There has been a gradual trend during the last two decades towards the inclusion of more applied geology teaching in geology courses at British universities and polytechnics. This period has also seen the establishment of a number of applied geology degrees at both undergraduate and graduate levels. Clearly there is a new awareness in academic circles that all degree courses should contain a significant element of vocational training and the response of industry to the new applied courses indicates that they are filling a real need. It was therefore apposite that the Mineral Deposits Studies Group, in conjunction with the Earth Science Education Group, should organize a conference at which both industrial and academic geologists could take stock of the current situation in the teaching of mineral deposit geology.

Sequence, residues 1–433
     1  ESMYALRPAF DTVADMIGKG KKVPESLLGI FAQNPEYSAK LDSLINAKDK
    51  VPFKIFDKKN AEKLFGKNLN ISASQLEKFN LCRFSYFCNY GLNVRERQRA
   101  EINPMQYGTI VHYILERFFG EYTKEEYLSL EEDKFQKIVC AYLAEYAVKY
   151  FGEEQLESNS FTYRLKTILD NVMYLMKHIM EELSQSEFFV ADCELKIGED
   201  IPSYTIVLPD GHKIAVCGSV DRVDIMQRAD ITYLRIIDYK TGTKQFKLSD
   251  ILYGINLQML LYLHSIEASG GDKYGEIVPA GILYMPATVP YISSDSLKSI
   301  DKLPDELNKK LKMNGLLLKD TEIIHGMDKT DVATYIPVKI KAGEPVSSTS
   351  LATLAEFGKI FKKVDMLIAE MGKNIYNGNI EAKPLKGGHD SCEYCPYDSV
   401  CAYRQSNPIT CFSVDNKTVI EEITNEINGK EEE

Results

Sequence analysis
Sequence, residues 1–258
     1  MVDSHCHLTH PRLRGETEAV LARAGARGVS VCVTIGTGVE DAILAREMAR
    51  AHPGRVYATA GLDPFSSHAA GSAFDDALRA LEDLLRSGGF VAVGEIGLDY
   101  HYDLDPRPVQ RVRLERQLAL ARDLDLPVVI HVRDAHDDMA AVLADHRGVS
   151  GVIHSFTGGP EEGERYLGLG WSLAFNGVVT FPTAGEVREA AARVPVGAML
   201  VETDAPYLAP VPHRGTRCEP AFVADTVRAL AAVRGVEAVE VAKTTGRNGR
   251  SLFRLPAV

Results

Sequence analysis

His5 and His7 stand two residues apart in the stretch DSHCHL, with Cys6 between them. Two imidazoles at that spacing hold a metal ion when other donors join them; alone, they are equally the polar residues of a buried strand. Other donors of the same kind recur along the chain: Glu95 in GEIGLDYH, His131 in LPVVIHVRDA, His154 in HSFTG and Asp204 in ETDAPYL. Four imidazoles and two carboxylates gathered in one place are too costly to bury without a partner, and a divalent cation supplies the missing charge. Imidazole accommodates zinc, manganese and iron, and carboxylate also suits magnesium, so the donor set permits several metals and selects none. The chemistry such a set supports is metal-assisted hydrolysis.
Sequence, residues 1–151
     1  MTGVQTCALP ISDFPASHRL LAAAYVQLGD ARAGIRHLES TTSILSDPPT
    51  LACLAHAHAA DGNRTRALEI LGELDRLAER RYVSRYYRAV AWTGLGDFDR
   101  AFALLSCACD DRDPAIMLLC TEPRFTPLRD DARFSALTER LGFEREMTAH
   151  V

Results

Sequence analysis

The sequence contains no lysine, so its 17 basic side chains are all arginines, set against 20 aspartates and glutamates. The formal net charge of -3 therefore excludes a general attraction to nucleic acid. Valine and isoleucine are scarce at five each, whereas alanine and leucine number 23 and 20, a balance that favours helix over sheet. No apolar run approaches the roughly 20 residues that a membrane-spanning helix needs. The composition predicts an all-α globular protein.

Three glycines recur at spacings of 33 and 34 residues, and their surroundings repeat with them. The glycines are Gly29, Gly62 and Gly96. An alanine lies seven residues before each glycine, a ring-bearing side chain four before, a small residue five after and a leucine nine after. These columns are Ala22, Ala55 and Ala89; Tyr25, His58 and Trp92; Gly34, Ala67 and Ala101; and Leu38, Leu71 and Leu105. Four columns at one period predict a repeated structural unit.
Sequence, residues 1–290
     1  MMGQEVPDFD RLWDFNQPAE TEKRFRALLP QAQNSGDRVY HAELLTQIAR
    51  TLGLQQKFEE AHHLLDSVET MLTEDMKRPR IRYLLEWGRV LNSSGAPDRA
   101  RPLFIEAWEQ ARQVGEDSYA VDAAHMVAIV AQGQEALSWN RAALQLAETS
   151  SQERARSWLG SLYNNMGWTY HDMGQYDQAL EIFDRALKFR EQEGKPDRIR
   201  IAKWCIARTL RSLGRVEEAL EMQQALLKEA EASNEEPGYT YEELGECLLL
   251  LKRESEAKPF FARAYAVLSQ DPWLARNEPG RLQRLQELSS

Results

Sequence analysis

As an aid in this assessment, Taylor had circulated 50 departments with a questionnaire. This was kept simple to encourage replies, which had been received from 28 departments. It is impossible to tell whether or not these were mainly from those who had something positive to report, and therefore there may be a degree of bias in the returns. The substance of the replies is summarized in the abstract and indicates that there is still very little or no teaching of mineral deposit geology in some departments. One of the interesting and valuable trends which emerges from this inquiry is the increasing inclusion of time spent on industrial mineral deposits in undergraduate courses. This was reflected by Dixon and by Steed